Minister for Health Cameron Dick believes advances in HIV treatments and testing technologies means transmission could be virtually eliminated in Queensland by the end of the decade.
To that end, the Queensland Government has announced it will provide $6 million over four years to make the state-wide pre-exposure prophylaxis (PrEP) project available to more than 2000 Queenslanders.
The original project provided access to PrEP for 50 men who have sex with men in Brisbane, Cairns, Townsville, Sunshine Coast and Gold Coast, as a means of preventing HIV transmission.
The Queensland AIDS Council (QuAC) will play a crucial role in the expanded project to ensure that it reaches the people who will benefit.
QuAC executive director Michael Scott told the ABC the trials were a courageous move by the Queensland Government and the drug would change lives.
The trial would be offered to all Queensland men, not just those living in major cities.
“We’re talking about sexual health for gay men, which often has the potential to be controversial, but the reality is, it’s a smart decision by any state government to invest in the sexual health of its people,” Mr Scott said.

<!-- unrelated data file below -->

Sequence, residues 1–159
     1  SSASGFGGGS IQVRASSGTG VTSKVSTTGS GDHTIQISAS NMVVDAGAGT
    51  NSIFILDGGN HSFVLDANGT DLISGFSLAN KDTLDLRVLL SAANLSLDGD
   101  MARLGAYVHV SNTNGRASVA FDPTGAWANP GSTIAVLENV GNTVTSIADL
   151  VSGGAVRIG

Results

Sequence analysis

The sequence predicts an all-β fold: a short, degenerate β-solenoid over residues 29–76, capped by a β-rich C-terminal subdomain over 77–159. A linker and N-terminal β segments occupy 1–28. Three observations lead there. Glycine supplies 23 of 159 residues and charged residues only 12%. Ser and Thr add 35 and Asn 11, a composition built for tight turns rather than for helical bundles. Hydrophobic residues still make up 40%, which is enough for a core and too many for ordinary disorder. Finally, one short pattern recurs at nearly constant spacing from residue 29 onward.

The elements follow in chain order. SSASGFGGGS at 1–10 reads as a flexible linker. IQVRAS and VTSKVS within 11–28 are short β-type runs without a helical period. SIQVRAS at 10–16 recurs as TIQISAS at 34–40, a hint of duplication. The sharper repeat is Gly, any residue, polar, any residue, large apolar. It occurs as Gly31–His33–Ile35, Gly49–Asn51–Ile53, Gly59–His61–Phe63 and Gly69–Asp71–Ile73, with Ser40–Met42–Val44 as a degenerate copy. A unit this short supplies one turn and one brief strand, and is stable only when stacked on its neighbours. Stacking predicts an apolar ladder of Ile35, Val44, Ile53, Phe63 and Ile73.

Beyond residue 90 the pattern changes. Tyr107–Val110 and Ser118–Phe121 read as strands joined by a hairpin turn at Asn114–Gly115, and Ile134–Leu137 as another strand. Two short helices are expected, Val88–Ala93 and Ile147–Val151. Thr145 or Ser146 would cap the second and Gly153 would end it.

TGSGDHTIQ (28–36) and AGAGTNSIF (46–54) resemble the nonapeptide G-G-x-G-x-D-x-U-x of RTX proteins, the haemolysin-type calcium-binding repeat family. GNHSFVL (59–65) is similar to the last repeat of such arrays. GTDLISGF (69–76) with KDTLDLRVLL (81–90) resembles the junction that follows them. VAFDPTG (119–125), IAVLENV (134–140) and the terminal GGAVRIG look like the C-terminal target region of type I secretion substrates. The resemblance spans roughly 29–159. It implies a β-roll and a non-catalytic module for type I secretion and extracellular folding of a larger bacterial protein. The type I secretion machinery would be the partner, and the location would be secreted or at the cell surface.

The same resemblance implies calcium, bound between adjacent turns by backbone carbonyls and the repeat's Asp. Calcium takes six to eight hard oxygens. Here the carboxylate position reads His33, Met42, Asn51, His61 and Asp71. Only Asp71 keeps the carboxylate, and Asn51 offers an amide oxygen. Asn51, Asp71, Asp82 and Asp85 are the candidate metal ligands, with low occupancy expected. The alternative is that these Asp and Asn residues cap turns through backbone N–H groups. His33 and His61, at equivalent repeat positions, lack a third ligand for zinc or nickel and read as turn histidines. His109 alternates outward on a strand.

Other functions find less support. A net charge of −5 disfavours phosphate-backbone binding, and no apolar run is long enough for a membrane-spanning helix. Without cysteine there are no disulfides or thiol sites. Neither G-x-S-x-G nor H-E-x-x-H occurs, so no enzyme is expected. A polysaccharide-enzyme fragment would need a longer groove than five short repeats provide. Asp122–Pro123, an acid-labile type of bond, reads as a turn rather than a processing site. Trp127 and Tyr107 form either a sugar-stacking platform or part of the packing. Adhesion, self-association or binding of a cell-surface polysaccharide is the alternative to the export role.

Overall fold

“PrEP is a game changer … we know it works and prevents the HIV transmission for people who do not use a condom every time.
“PrEP is just another preventative tool and we hope one day it will be normalised, just as the pill is for women.
“We’re not just talking about stopping the transmission of HIV, but there are also mental health benefits that come along with PrEP, allowing gay men to have sex without fear of HIV because that fear is crippling within our community and has been for 30 years.”
International clinical trials have proven that when taken once a day, PrEP can reduce the risk of infection by up to 90 per cent.
People can register their interest by calling QuAC’s Clinic 30.